It has been called the king of snakes. The enigmatic basilisk is a marvel of ancient ingenuity. What other wondrous creature could be concocted in such a way that no normal person could see it without succumbing to its deadly power. Around 78 AD, Pliny the Elder wrote Naturalis Historia (Natural History), one of the few works to have survived from the Roman era intact. He describes the catoblepas, a cow-like creature with the ability to kill whomever looks at it, then goes on with the following (translated from Latin):

There is the same power also in the serpent called the basilisk. It is produced in the province of Cyrene, being not more than twelve fingers in length. It has a white spot on the head, strongly resembling a sort of a diadem. When it hisses, all the other serpents fly from it: and it does not advance its body, like the others, by a succession of folds, but moves along upright and erect upon the middle. It destroys all shrubs, not only by its contact, but those even that it has breathed upon; it burns up all the grass too, and breaks the stones, so tremendous is its noxious influence. It was formerly a general belief that if a man on horseback killed one of these animals with a spear, the poison would run up the weapon and kill, not only the rider, but the horse as well. To this dreadful monster the effluvium of the weasel is fatal, a thing that has been tried with success, for kings have often desired to see its body when killed; so true is it that it has pleased Nature that there should be nothing without its antidote. The animal is thrown into the hole of the basilisk, which is easily known from the soil around it being infected. The weasel destroys the basilisk by its odor, but dies itself in this struggle of nature against its own self.
Leonardo da Vinci added that it was the smell of a weasel’s urine that killed the basilisk and often the weasel itself.

Throughout history, many writers have commented on the basilisk, each adding their own twists to the story, but none as unusual as the birth of the basilisk. These deadly creatures are often confused and even intermixed or indistinguishable from the cockatrice, another just as deadly monster. But while the cockatrice is reportedly the egg of a rooster incubated by a snake or toad, the basilisk is just the opposite. It is supposedly the egg of a snake that is sat on by a rooster until hatching while the star Sirius is ascending in the night sky. In the Northern Hemisphere (as in ancient Rome and Greece), the rise of Sirius meant the coming of summer. As a result, it’s said that the basilisk takes on some characteristics of the rooster, including a crown on its head. Other scholars had decided the birthing was a ridiculous notion, but still they agreed regarding the creatures deadly abilities. Here are just a few of their ideas/additions:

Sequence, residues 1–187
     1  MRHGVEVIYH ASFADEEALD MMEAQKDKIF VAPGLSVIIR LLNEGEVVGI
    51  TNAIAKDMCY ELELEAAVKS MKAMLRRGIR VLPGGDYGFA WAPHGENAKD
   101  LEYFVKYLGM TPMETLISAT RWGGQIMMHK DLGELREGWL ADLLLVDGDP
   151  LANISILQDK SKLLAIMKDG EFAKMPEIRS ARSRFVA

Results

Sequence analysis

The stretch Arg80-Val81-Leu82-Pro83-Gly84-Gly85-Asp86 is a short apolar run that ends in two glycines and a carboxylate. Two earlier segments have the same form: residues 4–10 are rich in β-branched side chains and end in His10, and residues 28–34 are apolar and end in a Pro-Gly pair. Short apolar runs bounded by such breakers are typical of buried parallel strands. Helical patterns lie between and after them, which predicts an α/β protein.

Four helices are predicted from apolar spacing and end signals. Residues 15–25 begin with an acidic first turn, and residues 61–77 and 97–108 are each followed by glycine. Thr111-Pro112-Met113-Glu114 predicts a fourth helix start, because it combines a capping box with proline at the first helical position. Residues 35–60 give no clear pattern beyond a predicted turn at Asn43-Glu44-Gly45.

• It was not the gaze itself that killed, but rather the corruption of the air between the basilisk and the victim.
  • Its breath was a poisonous fume.
  • The basilisk could breathe fire.
  • It could kill with the sound of its hiss.
  • Touching a basilisk would kill. This ability also included accounts where the victim might die if the basilisk touched something the victim was also touching, like a sword or spear.
  • It grew in size (considerably) depending on the author and is described as a much larger creature.
  • On some coats of arms, the basilisk is given legs and wings, as to be a small dragon.
For all the expanded abilities of the basilisk, writers also added a few more weaknesses to the monster, usually much more common vices than the musk of a weasel:
  • Roosters could kill a basilisk, either by claw or by call. This inspired travelers in Medieval times to sometimes carry roosters with them while traveling, to protect them against the basilisk.
  • The caw of a crow could kill it.
  • The creature would die if it saw its own reflection in a mirror.
So, why was there such a fascination with this creature? Ancient alchemists believed that the basilisk held the key to creating gold. Theophilus Presbyter had supposedly found a recipe, using the basilisk, to turn copper into gold. Another story states that the ashes of the creature could convert silver into gold.

The basilisk even makes an appearance in the Bible in the book of Isaiah 14:29. "Do not rejoice, whole country of Philistia, because the rod that beat you has broken, since the serpent's stock can still produce a basilisk, and the offspring of that will be a flying dragon." The King James translation reads, "out of the serpent's root shall come forth a cockatrice, and his fruit shall be a fiery flying serpent." This again shows the intermixing of the basilisk and cockatrice.

Few creatures have seemingly captured the imagination of both ancient and modern writers. This was truly a terrible beast!